AC panels were widely used for housings around hot items such as water heaters and boilers. Sprayed fire proof insulation applied to beams and other areas for fire proofing has a fibrous and matted appearance. Trade names for sprayed asbestos insulation include limpet, which contained amesite; chrysotile or chrasydolite, asbestosspray, cafco and silbestos, which contain chrasydolite; and monokote, which contained chrysotile.

Vinyl floor coverings were both widely used in domestic and commercial applications, and both can contain significant asbestos levels. The backing material to vinyl sheet floor coverings can contain as much as 100 per cent chrysotile. This material crumbles easily when ripped and should only be removed with appropriate procedures in place.

Vinyl floor coverings can be found under carpet, newer vinyl layers, or even under floors of masonite and compressed sheet. Older vinyl tiles which were often used in the high-traffic areas of commercial buildings, sometimes contained asbestos which was used as a binding agent.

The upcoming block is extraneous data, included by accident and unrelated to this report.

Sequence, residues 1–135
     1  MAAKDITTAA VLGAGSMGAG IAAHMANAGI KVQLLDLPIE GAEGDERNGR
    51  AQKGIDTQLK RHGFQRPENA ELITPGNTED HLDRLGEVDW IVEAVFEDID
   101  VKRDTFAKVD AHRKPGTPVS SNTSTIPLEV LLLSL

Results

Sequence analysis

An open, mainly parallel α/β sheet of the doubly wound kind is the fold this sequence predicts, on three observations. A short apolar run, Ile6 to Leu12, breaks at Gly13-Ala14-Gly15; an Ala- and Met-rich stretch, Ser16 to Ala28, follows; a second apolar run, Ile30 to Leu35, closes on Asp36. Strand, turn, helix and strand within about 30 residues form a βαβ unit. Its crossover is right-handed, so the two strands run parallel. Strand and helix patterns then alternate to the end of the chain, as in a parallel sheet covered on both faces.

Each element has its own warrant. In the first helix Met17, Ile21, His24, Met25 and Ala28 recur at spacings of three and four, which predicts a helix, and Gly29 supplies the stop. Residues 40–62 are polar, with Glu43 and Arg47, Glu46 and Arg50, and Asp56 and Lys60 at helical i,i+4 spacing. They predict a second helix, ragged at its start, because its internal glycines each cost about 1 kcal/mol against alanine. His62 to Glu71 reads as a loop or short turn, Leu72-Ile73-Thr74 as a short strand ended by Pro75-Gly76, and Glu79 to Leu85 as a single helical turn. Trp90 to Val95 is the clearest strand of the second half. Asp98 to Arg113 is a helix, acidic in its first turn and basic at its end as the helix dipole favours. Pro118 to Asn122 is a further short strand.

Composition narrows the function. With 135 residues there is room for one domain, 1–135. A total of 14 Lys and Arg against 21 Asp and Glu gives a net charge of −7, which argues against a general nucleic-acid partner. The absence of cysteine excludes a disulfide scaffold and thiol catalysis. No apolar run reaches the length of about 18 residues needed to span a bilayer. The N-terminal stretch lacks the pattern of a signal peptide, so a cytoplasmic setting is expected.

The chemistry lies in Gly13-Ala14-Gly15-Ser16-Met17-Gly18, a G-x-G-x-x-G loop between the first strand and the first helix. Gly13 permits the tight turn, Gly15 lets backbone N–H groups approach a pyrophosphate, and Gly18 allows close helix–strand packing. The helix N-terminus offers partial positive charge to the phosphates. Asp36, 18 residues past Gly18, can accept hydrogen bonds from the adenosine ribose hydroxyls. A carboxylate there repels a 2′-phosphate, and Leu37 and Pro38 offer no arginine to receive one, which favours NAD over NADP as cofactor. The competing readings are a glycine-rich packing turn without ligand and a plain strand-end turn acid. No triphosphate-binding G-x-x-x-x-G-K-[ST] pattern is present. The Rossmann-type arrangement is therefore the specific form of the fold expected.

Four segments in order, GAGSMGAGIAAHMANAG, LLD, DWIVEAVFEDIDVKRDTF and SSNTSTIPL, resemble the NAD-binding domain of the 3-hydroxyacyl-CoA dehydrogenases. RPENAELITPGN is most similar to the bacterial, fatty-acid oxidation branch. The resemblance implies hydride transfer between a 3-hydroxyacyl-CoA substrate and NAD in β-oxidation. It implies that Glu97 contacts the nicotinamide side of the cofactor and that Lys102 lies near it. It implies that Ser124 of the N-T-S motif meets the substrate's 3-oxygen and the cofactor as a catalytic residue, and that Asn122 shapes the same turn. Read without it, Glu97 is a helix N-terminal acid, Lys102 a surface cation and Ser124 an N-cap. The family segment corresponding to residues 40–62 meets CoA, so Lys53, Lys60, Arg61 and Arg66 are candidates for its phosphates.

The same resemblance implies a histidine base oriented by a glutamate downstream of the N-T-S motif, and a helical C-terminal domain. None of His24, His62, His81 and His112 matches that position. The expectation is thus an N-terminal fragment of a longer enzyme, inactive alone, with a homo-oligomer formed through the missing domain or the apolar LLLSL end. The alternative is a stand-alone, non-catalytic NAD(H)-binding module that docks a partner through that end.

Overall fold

PRESENTER 2: We mentioned earlier that asbestos has very low electrical conductivity properties. For this reason, some electrical systems need to be treated as an asbestos risk.

PRESENTER 1: Older, black electrical switchboards with brand names like 'Zelemite' and 'Miscolite' were manufactured from coal tar pitch and asbestos usually chrysotile.

The timber box sometimes installed behind the board can also contain an AC lining.

The outer lining to electrical cables may also contain asbestos.

Old hot water systems may be lined with asbestos, and the electrical panel on the system can sometimes be separately lined with asbestos impregnated paper.

Similarly boilers may have asbestos insulation.

Hot water pipes may be lagged with insulation containing asbestos to minimise heat loss. If the lagging is damaged there may be asbestos fibres present in ceiling and sub-floor areas.

Air conditioning duct work was lined with asbestos millboard around electric heater elements and fire dampers to provide thermal insulation.

PRESENTER 2: For more than four and a half thousand years, asbestos has been a part of our lives. And it's still around today, in a wide variety of locations and applications. We now know of the health hazards posed by asbestos. Knowing where it commonly occurs and how to spot it will help you to deal with it safely.